Which brings me to yet another Duke of Norfolk, John Howard. In 1485, while preparing to resist the invasion of Henry Tudor, he wrote a letter to John Paston urging him to bring "seche company of tall men" to meet him. He signed the letter, "Yower lover." Now, no one would seriously suggest, I think, that John Howard and John Paston were "lovers" in the sense in which we would use the word; such fulsome language was not unusual in the fifteenth century, especially when one had a favor to ask. But in a novel, would I have a man use this language when addressing another man? Only if I did intend the reader to believe that they were lovers in the modern sense or only if I were prepared to add a great deal of explanatory context.

Did John Howard's appeal succeed, by the way? Nope. When the Battle of Bosworth was fought, John Paston was not there.

13 comments:

Augustina Peach said...

Excellent examples! I agree with you that there has to be balance between what is historically accurate and what a reasonably intelligent reader will understand. After all, the point of writing meant for publication is (or should be) to communicate.

Joansz said...

I think you have the right approach, Susan. Usage can be tricky as I rapidly discovered with my work. Because I brought Richard III into the twenty-first century, his early modern English presented an interesting problem for me because I wanted to show the differences without making the reader struggle. So what I chose to do was to make one of the characters a linguist who interpreted between early modern to modern usage, but what the reader saw was mostly modern usage. In addition, I tried to be careful to not have Richard use words he wouldn't know until he would have had a chance to have learned them. I avoided certes, but did slip in a few ayes.

Joan

Anne Gilbert said...

I think you're right to avoid "writing forsoothly". But some writers do, when they want to suggest the "flavor" of a bygone age. One of the "issues" I have with Sharon Kay Penman is that she does this kind of thing all the time. She uses phrases like "for certes" a lot, which just makes me grind my teeth! While she doesn't use "mother-in-law" the way people would have in the 15th or earlier centuries, this use of "archaic" phrases and convoluted sentence structure just isn't necessary, and it's kind of annoying to this reader. BTW, a tip for Susan: One way to indicate differences might actually be have some character use "olden" curses, but have the characters talk in "modern standard"(e.g. "God's bones" or "God's nails"). That is, when not using such phrases, have them talk in "modern" English that is comprehensible and not annoying to a lot of readers.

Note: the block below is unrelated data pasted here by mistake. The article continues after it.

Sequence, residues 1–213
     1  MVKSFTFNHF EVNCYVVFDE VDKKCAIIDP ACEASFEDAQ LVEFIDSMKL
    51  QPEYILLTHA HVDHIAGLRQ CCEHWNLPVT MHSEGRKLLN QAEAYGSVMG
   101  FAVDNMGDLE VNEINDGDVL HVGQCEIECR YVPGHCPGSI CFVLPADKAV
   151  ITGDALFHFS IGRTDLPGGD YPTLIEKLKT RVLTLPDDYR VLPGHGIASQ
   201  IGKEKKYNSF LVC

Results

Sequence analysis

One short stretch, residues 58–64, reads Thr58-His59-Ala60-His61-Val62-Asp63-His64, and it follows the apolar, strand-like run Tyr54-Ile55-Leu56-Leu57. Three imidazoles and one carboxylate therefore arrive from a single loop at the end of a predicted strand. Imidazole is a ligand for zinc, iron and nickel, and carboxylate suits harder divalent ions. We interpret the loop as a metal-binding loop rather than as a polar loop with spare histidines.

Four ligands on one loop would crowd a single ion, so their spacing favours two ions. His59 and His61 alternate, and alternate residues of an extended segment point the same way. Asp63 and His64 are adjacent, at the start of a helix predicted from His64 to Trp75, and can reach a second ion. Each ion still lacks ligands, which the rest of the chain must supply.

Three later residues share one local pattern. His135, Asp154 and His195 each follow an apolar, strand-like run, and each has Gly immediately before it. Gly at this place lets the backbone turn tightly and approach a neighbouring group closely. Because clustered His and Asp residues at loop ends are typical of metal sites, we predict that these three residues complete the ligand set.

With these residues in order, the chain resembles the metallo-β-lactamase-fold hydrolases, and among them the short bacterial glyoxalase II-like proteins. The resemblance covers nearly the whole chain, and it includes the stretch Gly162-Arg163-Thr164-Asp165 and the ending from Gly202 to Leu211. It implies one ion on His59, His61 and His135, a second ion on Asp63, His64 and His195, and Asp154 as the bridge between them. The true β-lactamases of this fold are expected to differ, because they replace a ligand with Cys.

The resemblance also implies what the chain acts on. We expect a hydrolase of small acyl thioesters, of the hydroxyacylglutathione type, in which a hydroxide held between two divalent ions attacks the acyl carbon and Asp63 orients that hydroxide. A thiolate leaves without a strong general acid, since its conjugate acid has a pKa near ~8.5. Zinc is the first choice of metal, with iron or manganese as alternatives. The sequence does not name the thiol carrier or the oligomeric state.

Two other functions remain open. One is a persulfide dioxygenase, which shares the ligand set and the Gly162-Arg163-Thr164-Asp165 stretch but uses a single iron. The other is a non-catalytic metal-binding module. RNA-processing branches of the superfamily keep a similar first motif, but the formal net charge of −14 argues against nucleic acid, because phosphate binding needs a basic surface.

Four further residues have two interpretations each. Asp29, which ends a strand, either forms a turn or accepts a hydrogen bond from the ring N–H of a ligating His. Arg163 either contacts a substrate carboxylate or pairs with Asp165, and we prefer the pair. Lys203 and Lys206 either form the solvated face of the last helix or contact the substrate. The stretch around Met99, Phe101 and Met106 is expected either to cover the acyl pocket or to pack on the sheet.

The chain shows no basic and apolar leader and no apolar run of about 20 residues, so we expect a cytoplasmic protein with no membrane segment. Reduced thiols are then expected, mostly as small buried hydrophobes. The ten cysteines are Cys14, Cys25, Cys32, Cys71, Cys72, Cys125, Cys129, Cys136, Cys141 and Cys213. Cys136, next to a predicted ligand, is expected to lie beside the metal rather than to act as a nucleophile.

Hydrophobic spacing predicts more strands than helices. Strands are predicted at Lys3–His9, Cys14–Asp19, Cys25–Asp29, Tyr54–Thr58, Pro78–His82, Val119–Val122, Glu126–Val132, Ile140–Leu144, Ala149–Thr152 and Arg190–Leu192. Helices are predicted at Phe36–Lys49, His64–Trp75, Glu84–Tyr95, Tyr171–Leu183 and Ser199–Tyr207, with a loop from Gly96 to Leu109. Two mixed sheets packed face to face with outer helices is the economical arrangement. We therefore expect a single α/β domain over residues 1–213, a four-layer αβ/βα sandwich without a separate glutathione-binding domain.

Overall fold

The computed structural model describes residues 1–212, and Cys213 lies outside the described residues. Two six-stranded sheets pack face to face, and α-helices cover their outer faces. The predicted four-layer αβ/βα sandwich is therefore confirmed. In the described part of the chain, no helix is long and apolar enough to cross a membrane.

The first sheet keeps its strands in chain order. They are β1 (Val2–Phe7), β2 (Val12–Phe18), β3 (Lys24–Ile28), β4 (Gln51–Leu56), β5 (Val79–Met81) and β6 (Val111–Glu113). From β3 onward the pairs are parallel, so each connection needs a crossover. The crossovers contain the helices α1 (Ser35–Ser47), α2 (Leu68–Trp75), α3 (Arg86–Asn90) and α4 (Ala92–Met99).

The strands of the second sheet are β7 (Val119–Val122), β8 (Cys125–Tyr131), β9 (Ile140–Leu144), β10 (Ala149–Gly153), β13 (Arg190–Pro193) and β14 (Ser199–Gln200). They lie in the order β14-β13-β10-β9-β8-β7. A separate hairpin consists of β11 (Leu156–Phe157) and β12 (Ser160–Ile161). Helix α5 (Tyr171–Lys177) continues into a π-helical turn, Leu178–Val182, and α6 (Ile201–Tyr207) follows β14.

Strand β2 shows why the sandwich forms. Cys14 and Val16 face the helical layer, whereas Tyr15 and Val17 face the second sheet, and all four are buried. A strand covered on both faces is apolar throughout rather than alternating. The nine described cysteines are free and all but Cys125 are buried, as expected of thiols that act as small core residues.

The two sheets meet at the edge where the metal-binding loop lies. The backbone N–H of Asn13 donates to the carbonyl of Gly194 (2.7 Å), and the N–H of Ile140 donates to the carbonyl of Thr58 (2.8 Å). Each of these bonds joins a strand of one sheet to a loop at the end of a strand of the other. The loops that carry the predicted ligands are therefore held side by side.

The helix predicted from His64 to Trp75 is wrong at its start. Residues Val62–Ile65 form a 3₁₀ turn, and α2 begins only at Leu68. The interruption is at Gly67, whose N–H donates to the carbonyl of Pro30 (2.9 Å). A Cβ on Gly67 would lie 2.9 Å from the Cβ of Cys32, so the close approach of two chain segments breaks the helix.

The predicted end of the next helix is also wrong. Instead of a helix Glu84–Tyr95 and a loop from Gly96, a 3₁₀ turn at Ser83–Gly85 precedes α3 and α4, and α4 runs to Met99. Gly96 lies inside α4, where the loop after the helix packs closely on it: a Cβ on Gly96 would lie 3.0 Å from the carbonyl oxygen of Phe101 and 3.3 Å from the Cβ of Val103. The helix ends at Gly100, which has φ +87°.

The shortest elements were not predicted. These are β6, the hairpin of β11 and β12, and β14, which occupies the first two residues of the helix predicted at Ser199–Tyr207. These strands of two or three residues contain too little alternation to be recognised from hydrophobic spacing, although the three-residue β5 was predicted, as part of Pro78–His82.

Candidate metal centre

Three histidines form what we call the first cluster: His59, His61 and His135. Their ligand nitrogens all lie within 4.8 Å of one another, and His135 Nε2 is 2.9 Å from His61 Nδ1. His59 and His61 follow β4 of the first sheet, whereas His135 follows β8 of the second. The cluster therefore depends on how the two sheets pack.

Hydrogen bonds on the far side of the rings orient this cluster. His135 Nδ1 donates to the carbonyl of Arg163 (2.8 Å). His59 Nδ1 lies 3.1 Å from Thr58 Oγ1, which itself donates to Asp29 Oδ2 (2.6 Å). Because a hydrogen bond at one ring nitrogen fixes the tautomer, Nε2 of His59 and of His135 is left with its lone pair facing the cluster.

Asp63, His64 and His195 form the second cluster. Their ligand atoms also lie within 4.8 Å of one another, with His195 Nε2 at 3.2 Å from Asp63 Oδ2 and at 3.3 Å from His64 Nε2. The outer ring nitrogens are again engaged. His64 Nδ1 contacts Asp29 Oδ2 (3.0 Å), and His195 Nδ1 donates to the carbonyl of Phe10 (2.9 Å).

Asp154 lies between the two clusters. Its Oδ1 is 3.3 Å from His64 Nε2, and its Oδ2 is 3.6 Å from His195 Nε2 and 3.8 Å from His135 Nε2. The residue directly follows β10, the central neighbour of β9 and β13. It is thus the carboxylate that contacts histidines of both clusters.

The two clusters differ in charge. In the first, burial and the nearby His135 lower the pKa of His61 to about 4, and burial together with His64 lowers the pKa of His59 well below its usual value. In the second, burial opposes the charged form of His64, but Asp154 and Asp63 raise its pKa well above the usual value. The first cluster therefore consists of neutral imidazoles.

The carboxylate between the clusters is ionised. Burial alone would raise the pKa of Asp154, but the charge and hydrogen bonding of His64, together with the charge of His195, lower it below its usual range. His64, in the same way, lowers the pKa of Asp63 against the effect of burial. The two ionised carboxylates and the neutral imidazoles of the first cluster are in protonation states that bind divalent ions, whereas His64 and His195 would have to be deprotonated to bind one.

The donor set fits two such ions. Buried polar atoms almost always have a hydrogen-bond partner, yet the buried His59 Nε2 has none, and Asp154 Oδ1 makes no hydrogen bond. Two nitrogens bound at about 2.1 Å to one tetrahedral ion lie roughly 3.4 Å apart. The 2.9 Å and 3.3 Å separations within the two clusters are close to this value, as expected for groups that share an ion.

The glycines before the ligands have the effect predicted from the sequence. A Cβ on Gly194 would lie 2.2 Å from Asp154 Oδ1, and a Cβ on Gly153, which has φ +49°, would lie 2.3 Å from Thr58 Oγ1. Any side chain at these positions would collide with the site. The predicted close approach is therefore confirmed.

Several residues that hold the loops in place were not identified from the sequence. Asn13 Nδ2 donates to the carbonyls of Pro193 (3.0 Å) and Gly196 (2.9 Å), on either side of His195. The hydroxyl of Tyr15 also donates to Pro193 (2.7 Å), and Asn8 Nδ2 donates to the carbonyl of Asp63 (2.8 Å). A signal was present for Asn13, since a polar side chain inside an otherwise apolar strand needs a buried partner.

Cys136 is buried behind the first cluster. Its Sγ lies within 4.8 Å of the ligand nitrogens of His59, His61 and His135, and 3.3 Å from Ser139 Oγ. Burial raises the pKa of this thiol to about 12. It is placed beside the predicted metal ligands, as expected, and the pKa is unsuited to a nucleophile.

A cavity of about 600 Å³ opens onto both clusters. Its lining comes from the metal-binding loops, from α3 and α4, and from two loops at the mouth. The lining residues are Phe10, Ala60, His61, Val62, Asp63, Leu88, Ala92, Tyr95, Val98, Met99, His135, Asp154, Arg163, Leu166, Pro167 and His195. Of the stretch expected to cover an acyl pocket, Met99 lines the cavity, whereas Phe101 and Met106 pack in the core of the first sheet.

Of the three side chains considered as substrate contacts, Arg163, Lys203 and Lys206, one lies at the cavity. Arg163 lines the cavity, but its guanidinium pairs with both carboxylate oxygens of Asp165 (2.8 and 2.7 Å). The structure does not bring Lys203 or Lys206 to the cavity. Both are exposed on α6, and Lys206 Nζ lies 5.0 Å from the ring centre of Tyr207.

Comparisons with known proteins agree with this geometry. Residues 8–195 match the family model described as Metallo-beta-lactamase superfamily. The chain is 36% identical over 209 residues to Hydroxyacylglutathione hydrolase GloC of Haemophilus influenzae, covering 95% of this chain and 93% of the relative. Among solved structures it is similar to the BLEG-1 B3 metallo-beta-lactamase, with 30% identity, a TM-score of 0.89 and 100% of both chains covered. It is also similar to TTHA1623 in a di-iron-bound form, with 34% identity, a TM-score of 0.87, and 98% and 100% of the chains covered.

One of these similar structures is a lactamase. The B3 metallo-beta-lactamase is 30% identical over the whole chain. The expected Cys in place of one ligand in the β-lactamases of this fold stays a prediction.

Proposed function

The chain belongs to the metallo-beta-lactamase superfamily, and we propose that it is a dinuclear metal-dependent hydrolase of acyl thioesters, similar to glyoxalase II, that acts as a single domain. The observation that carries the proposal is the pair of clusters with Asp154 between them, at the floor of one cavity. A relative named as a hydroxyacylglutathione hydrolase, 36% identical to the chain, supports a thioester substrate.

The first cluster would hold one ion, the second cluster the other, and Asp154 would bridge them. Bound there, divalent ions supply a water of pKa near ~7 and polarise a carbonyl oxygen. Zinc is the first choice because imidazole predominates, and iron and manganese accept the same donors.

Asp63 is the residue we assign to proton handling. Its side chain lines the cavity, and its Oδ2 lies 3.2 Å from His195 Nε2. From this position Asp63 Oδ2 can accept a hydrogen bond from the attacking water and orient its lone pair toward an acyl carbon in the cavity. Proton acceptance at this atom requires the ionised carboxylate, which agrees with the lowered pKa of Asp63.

Just a suggestion,
Anne G

Meghan said...

I thought the writing in your novel was perfectly suited. I really dislike writing "forsoothly". I read original sources too and they take time to interpret and understand. They're confusing sometimes even to those of us who are trained in them. Attempting to write a novel in that language would be ridiculously difficult and confusing for the reader. I don't mind when Sharon Kay Penman does it because her phrases are just tossed in casually to remind us where we are, they don't really affect how I read the story.

In comparison, I'll offer up a novel I just finished, My Lord John by Georgette Heyer. She attempted to write in early 15th century English with disastrous results; it didn't look like anything I'd ever read and felt like I was wading through mud. I much prefer modern English without modern slang/colloqualisms.

Susan Higginbotham said...